It is characteristic of American beauty, lower-case, to be profoundly confused about how seriously it takes the world, and, inversely, how seriously the world should take it. In 1999's American Beauty, Wes Bentley’s character, Ricky, asks Thora Birch’s character, Jane, whether she wants to see “the most beautiful thing” he has ever filmed. Together, they watch a plastic bag float among autumn leaves; they watch on a huge flat-screen in his decked-out bedroom.

Reliving the moment of seeing and capturing the bag’s beauty, Ricky almost weeps. "That’s when I realized," he says, "that there was an entire life behind things." Ricky, as Jane is learning, gets a real spiritual kick out of things that most people find repulsive: a homeless woman, frozen to death; a dead bird lying at the feet of his true love. Ricky is not like other people. He claims no direct influences, sees the hidden beauty in things. He is grateful that he takes this world so seriously.

The late 1990s were a time at which the culture felt particularly comfortable diagnosing itself. The Clinton years had proved that everybody was libidinous and money-grubbing, but we had yet to learn to feel protective in the face of criticism and attack. America was perfecting the art of self-effacement: as all handsome losers know, the right joke at the right time, at one's own expense, can really charm the ladies.  

Kevin Spacey and Alan BallAmerican Beauty is a product of the same charming loser — Hollywood — that brought us, in 1999, Being John Malkovich and Fight Club. Like those movies, it is dandy and a flirt, posing as a cynic. In high school I thought American Beauty was, you know, beautiful. And it is: the production values here are so high, and the cinematography so accomplished, that even a plastic bag floating in the wind looks really, really good.

People were fond of saying that American Beauty was a "black comedy," since Fargo and other dark films had established a precedent for that kind of thing, and since it will, at moments, make a similar kind of joke about the depressing and routine nature of suburban existence. But what is in other, truer satires absurd and bleak, becomes in American Beauty the foliage floating, necessary but unnoticed, around the plastic bag at the heart of it all. That Kevin Spacey delivers his lines with some ironical flourish, and that, in the end, he dies, does not make this Death of a Salesman. Indeed, it is more Field of Dreams or It’s a Wonderful Life — a thorough genre mash-up, a ride up and down the ladder of success, a list of clichés.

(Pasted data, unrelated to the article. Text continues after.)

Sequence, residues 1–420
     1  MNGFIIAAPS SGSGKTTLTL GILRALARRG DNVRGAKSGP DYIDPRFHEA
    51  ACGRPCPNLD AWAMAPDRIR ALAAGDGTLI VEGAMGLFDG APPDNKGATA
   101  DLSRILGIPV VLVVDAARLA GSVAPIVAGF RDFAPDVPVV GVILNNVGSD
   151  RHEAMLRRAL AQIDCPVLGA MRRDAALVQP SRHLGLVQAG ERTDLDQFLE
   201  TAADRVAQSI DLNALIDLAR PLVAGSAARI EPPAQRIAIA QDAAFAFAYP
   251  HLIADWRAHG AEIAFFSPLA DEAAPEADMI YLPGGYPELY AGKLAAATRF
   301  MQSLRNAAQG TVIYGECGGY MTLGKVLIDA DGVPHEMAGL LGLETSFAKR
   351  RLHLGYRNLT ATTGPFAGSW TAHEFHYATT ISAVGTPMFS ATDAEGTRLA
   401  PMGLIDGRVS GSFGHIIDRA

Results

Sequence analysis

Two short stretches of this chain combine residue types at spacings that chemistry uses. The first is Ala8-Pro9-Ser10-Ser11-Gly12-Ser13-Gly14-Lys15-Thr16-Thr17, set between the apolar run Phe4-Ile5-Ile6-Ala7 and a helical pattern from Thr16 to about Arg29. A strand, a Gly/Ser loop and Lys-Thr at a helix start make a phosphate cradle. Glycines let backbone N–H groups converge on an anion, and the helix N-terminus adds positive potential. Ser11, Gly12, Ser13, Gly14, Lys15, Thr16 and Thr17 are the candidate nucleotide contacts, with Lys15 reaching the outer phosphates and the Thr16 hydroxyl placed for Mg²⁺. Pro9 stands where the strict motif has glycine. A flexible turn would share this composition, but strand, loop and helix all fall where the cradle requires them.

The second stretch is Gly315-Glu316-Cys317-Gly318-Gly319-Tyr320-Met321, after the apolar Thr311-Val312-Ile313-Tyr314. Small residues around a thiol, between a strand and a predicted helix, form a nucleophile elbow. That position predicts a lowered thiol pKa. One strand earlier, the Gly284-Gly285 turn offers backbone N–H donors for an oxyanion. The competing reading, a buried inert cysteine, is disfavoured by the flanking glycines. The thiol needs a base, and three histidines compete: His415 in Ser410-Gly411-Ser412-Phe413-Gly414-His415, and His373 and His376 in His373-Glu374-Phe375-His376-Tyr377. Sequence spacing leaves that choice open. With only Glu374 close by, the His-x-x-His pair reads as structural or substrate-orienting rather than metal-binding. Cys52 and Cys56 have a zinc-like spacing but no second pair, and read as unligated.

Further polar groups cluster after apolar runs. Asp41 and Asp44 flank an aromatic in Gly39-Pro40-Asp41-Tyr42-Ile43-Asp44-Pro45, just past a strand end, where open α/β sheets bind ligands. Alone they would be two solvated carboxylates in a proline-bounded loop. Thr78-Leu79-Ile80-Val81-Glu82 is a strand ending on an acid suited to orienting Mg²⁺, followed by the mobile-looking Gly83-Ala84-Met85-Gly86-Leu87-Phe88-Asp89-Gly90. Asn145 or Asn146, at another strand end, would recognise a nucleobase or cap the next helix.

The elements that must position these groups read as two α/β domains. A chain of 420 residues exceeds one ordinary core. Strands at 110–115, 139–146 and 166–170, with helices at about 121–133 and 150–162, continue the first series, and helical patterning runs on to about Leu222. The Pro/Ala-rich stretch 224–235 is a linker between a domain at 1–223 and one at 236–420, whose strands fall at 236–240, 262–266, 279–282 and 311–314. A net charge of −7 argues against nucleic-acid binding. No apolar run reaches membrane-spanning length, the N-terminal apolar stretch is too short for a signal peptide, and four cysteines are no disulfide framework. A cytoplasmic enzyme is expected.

The ambiguity of what American Beauty is going for is more apparent now that it has aged a little bit. "My wife and daughter both think that I'm this gigantic loser," says Lester Burnham, "and they’re right. I have lost something. But it’s never too late to get it back." In Hollywood, when five to one hundred talented people throw all their energy at a single problem — how best to affirm America's sense of itself — what comes out is often both sentimental and, subtly, unhinged. And it is difficult to measure the seriousness of their multi-million dollar efforts: how, for example, should we evaluate the cultural impact of a movie like Forrest Gump?

Fortunately or unfortunately, American Beauty is iconic. Mena Suvari will be frozen in that web of red rose petals forever. When I got an iPhone in 2009, the “Xylophone” ringtone reminded me of the American Beauty score, and it still does. The actors inhabit the metaphors of their characters very precisely, and this is — Ricky would agree, I think — beautiful. I do not object to cliché as an instrument in storytelling; storytelling, obviously, cannot escape cliché. Stories that drawn on clichés as widely and schizophrenically as American Beauty indicate, I think, the depth of American hunger — for that moment when, in hearing a bird’s song, or filming a dead bird, you transcend your ordinariness.

American Beauty is an arrogant movie. Like any other creature too satisfied with itself, it stops being fun after a while. It sates certain appetites, like the appetite to look at a perfect bowl of oranges while telling yourself that you don't really need or want a perfect bowl of oranges in your own house. When I imagined writing something about the film, I assumed there would be something funny to say. I had forgotten its seriousness.